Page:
Valuable Bible Exempt in Illinois says District Court Judge Overruling Bankruptcy Judge

Illinois exemption statute says:”The necessary wearing apparel, bible, school books, and family pictures of the debtor and the debtor’s dependents.”  This bible however was a 1830 relic worth at least $10,000 with some people saying it could be five to ten times that value.  And, says the trustee, the debtor had other bibles and did not use this one.   Her total debt was in the range of $30,000.  The bankruptcy judge ruled that it was not exempt and the district court reversed.  The district court decision is here.

This is really straight statutory construction.  There are lots of dollar limitations among the various exemptions but none on bibles.  The district court writes,

The Court believes a reading of the plain language indicates the Bible is exempt without regard to its value.  First, it is the most reasonable interpretation that “necessary” only modifies “wearing apparel” and does not modify the remaining items in the list.  Wearing apparel is a necessity for basic living.  However, one does not need a bible, school books or family pictures to survive.  As such, the Court finds that the statute, as written, does not require the Court to undertake a “necessary” analysis.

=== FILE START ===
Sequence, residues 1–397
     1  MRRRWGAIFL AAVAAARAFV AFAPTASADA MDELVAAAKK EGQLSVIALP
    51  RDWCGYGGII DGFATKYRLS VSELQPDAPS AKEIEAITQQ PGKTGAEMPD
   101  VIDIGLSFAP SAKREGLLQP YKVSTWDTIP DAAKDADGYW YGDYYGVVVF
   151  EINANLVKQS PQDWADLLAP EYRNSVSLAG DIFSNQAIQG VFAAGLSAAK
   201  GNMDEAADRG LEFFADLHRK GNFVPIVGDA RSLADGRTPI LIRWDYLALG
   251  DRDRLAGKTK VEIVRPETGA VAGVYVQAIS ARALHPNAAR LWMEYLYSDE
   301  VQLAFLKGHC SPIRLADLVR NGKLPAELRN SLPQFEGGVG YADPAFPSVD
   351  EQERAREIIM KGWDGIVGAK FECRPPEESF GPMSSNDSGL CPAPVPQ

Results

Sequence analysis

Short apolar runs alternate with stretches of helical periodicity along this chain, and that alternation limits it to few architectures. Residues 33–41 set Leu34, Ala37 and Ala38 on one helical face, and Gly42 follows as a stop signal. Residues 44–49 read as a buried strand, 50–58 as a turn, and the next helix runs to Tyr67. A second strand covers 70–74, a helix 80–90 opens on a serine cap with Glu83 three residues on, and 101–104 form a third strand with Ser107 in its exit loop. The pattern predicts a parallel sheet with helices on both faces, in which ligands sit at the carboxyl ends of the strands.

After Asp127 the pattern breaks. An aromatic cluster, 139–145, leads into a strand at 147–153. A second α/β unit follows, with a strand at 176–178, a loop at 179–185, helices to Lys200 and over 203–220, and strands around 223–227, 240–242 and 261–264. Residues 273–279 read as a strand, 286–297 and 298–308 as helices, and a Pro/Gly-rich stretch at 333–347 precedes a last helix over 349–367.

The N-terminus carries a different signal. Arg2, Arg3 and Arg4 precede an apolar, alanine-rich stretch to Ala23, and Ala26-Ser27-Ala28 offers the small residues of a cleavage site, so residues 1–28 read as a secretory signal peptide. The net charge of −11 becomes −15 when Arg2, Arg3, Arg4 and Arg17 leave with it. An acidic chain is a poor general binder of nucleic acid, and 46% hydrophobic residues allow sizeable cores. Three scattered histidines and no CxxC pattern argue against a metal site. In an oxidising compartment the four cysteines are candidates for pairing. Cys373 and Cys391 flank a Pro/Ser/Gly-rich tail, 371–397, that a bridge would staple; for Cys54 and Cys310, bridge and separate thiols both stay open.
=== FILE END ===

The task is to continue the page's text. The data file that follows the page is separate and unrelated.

The article at Credit Slips is here.  The Wall Street Journal article is here.

The biggest problems law students have is that they learn a bunch of rules which they can spew back to you nicely but then they jump to a “reasonable” type argument.   Congress makes the laws.  Obviously the Illinois legislature could have exempted bibles “irrespective of the value.”  There would be no debate.  But is that what it did here?  It depends on what the code says.  The district court judge’s analysis here is supported by the plain language of the code.  The trustee’s arguments on the other hand are completely “reasonable.”

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